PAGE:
Vitamin C

From 1932 until now, no vitamin has been the subject of more research. Indeed, vitamin C has spawned an industry - Berkeley Wellness Letter

Vitamin C
Vitamin C

image by: Linus Pauling Institute

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How Linus Pauling duped America into believing vitamin C cures colds

You wake up with a stuffy nose and your first reaction might be to down a glass of orange juice. Don't bother: everything we know about research shows that mega-doses of vitamin C are absolutely, positively useless at fighting colds. All that extra orange juice will do nothing to shorten your sniffles.

This all leads to the question: how did America get sold on a massive vitamin C myth? Is it vitamin manufacturers, trying to get us to purchase more pills? Has the orange industry tried to dupe us?

Part of it has to do with the fact that vitamin C is rarely harmful, so there's been little impetus to intervene.

"There’s a lot of misinformation out there on vitamin C because…

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 How Linus Pauling duped America into believing vitamin C cures colds

"There’s a lot of misinformation out there on vitamin C because it’s safe," says Heather Mangieri, a nutritionist working with the Academy of Nutrition and Dietetics. And part of it traces back to one famous scientist, Linus Pauling, who came to believe that vitamin C could be a cure-all for numerous ailments — and, while he's no longer alive, he's still duping millions of people.

7 Foods With More Vitamin C Than An Orange

While the classic apples to oranges comparison doesn't quite pan out (oranges would win), there are some other match-ups that give oranges a real run for their money.

The Vitamin C Foundation

The VITAMIN C FOUNDATION is a national nonprofit, charitable organization that has recently been assigned the IRS tax-exempt 501(c)(3) designation as a Texas non-profit corporation devoted to preserving the "lost knowledge" about ascorbic acid and its role in life. Dedicated to the memory of Linus C. Pauling, the foundation's activities are funded by charitable contributions.

Berkeley Wellness

Many studies have failed to find that vitamin C can prevent colds. According to extensive reviews of studies by the Cochrane Collaboration in 2010 and 2013, vitamin C supplements do not prevent colds, except perhaps in people exposed to severe physical stress, such as marathon runners and skiers. Research on the vitamin’s potential role in reducing the severity and/or duration of cold symptoms when taken at their onset has yielded inconsistent results. Any such effect, if there is one, is apparently small.

C: The Blog

This is the Cforyourself vitamin C Blog. This has replaced the old Message Board that used to live here. Please keep your posts and comments on topic, that is, vitamin C and related health issues.

Linus Pauling Institute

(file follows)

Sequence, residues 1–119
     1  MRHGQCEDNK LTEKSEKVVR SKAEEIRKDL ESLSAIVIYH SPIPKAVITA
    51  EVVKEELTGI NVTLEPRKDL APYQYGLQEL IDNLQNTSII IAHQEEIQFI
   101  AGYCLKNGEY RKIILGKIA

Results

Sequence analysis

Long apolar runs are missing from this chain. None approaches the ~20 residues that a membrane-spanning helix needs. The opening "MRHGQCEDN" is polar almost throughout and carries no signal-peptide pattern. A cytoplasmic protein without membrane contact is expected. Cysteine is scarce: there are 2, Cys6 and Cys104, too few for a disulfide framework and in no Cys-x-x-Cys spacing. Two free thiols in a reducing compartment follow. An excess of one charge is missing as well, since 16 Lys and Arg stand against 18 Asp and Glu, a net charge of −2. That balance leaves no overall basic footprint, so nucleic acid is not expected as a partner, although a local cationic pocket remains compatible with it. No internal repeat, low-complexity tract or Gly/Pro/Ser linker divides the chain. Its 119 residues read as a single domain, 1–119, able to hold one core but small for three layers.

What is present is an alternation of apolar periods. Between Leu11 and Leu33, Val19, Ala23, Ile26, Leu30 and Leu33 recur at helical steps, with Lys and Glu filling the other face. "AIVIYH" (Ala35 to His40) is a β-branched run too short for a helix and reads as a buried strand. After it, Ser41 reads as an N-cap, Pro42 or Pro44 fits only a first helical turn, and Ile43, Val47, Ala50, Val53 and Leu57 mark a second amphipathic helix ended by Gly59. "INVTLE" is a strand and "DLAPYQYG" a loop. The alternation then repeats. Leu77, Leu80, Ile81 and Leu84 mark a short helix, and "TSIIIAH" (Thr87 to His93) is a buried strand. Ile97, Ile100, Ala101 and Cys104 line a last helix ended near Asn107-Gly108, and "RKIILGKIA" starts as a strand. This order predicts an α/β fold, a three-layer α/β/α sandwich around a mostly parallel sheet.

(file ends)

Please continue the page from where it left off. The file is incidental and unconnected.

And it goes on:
Vitamin C, also known as ascorbic acid, is a water-soluble vitamin. Unlike most mammals and other animals, humans do not have the ability to make ascorbic acid and must obtain vitamin C from the diet. Inside our bodies, vitamin C functions as an essential cofactor in numerous enzymatic reactions, e.g., in the biosynthesis of collagen, carnitine, and catecholamines, and as a potent antioxidant.


Many uses for vitamin C have been proposed, but evidence of benefit in scientific studies is lacking. In particular, research on asthma, cancer, and diabetes remains inconclusive, and a lack of benefit has been found for the prevention of cataracts or heart disease.


Vitamin C is generally safe. Large doses of vitamin C may cause stomach upset and diarrhea in adults and have been reported to cause kidney stones. There is also a risk of excess iron absorption with high doses of vitamin C.


Vitamin C is an antioxidant. It is important for your skin, bones, and connective tissue. It promotes healing and helps the body absorb iron. Vitamin C comes from fruits and vegetables. Good sources include citrus, red and green peppers, tomatoes, broccoli, and greens. Some juices and cereals have added vitamin C.


Vitamin C is also known as ascorbic acid and has several important functions. For example, it: •helps to protect cells and keeps them healthy •is necessary for the maintenance of healthy connective tissue, which gives support and structure for other tissue and organs •helps wound healing A lack of vitamin C can lead to scurvy.


Vitamin C is an antioxidant. Despite claims of benefit, very high doses of vitamin C have not been shown to decrease the incidence of the common cold in the general population. It may slightly reduce the duration of the cold. In people exposed to brief periods of severe physical exercise or cold environments, there may be some benefit to supplementation to ward off colds. Very high doses of vitamin C can acidify the urine, may cause diarrhoea, can predispose to urinary calculi and can cause iron overload.


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